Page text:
by Barbara Black
Cecilia Flores has won the
Prix dExcellence de lAcadémie des Grands Montréalais
for the best doctoral thesis of the year in the natural sciences and engineering
Dr. Flores earned her doctorate from Concordia last year, and we featured
her on the front page of the June 8 issue of CTR.
She came to Concordia from Mexico partway through her undergraduate degree
in 1990 and never looked back, working her way through a BSc, an MSc in
experimental psychology, and finally her PhD, which she did in Professor
Jane Stewarts lab in the Centre for Studies in Behavioural Neurobiology.
Her PhD work focused on the role of a type of brain substances called
neurotrophic factors in the long-lasting consequences of repeated exposure
to drugs of abuse in adult rats.
Flores has been working over this past year at Harvard Medical School
in the laboratory of Dr. Joseph Coyle, on a postdoctoral fellowship from
the Schizophrenia Society of Canada/Canadian Institutes for Health Research
She is working to identify differences in the expression and function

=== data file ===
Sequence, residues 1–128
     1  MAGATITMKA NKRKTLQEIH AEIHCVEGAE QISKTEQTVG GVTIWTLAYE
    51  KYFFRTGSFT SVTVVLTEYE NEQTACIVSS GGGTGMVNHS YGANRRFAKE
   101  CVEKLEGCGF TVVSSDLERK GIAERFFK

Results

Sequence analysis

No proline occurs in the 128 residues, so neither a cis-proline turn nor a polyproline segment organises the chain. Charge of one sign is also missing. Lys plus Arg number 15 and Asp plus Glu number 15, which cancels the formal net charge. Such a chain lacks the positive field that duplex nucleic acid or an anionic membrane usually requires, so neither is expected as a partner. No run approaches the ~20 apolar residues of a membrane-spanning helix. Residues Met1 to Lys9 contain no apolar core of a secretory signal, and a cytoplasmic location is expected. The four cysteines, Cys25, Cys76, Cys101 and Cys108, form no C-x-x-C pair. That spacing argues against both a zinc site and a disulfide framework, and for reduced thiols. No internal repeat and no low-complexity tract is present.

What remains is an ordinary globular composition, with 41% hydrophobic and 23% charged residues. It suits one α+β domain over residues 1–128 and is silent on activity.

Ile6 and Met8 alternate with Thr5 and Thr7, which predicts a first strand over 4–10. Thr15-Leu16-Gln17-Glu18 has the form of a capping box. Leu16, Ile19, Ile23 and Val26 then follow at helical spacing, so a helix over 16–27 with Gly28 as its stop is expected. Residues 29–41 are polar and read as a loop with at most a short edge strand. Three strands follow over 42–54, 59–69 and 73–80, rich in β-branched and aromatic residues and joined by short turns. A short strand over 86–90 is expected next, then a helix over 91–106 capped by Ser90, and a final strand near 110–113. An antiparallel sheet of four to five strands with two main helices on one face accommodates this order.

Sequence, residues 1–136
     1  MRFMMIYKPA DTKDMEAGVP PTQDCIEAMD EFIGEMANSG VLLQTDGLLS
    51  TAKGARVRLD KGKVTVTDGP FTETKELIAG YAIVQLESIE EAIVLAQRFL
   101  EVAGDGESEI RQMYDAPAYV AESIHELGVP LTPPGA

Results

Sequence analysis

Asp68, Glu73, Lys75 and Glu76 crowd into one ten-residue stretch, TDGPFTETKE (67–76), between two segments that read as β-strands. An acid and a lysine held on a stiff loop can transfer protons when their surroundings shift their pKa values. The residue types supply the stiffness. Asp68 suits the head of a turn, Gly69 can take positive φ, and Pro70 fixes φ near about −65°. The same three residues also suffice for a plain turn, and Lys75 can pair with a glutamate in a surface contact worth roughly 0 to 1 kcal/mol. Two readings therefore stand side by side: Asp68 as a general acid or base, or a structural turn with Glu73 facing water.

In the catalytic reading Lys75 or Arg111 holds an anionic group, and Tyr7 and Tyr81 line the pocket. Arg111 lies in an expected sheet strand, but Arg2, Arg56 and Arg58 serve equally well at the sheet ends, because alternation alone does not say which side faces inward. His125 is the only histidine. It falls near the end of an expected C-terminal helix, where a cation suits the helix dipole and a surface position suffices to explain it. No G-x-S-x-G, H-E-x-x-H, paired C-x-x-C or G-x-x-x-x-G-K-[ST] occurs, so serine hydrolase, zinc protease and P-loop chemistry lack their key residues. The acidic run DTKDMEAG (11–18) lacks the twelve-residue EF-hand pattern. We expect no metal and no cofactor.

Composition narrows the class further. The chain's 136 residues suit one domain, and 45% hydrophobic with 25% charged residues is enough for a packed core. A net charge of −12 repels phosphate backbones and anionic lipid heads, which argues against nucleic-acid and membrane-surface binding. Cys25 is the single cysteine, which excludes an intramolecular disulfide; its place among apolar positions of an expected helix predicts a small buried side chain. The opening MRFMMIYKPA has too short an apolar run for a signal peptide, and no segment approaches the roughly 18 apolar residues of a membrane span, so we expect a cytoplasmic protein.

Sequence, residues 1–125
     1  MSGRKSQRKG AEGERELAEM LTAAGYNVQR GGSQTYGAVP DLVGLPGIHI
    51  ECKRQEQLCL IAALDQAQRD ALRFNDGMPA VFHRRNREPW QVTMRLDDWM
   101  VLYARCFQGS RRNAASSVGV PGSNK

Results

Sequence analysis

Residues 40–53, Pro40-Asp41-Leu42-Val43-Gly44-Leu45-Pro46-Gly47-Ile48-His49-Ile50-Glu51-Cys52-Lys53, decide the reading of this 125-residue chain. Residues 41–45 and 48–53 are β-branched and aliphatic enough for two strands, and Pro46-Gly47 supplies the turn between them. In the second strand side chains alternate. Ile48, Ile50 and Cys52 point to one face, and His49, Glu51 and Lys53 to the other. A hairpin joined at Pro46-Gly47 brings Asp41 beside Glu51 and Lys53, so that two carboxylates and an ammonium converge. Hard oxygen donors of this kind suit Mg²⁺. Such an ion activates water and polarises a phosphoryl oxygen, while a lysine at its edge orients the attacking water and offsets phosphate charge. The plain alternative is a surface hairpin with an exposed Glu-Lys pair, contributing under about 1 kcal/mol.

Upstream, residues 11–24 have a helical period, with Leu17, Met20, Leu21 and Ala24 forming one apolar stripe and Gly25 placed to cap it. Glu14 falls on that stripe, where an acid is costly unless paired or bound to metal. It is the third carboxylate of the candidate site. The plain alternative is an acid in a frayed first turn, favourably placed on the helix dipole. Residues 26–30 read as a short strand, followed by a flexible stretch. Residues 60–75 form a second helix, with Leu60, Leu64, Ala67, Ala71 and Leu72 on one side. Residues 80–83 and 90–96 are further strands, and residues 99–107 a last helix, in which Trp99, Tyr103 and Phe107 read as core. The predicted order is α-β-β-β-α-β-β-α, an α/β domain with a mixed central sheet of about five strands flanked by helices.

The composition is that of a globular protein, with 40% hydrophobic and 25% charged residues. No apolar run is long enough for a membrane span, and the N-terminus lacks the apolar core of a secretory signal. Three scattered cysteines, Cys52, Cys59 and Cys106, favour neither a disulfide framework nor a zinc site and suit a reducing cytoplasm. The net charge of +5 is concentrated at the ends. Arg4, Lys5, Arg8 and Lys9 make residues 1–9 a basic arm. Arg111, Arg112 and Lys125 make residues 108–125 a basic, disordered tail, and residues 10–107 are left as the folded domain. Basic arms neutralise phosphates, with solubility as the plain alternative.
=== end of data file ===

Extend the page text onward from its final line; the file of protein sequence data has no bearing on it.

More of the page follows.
of specific proteins in the brains of schizophrenic patients, and trying
to find out, using laboratory rats, whether exposure early in life or
in adulthood to certain drugs can influence the expression and function
of those proteins.
The Prix dExcellence is an initiative of the Montreal Board of Trade,
and the awards are presented at a gala, to be held this year on June 14.
It is interesting to note that Flores husband, Andreas Arvanitogiannis,
earned his PhD while doing research with Dr. Peter Shizgal at the Centre
for Studies in Behavioural Neurobiology.
He, too, won a Prix dExcellence from lAcadémie des
Grands Montréalais for his thesis, in 1999. Like her, he is doing
postdoctoral work at the Harvard Medical School on an MRC fellowship.
However, the couple are returning to Montreal this summer, as Arvanitogiannis
has been hired by Concordias Psychology Department as a CIHR junior
chair at the CSBN. Flores will continue her postdoctoral work at the Montreal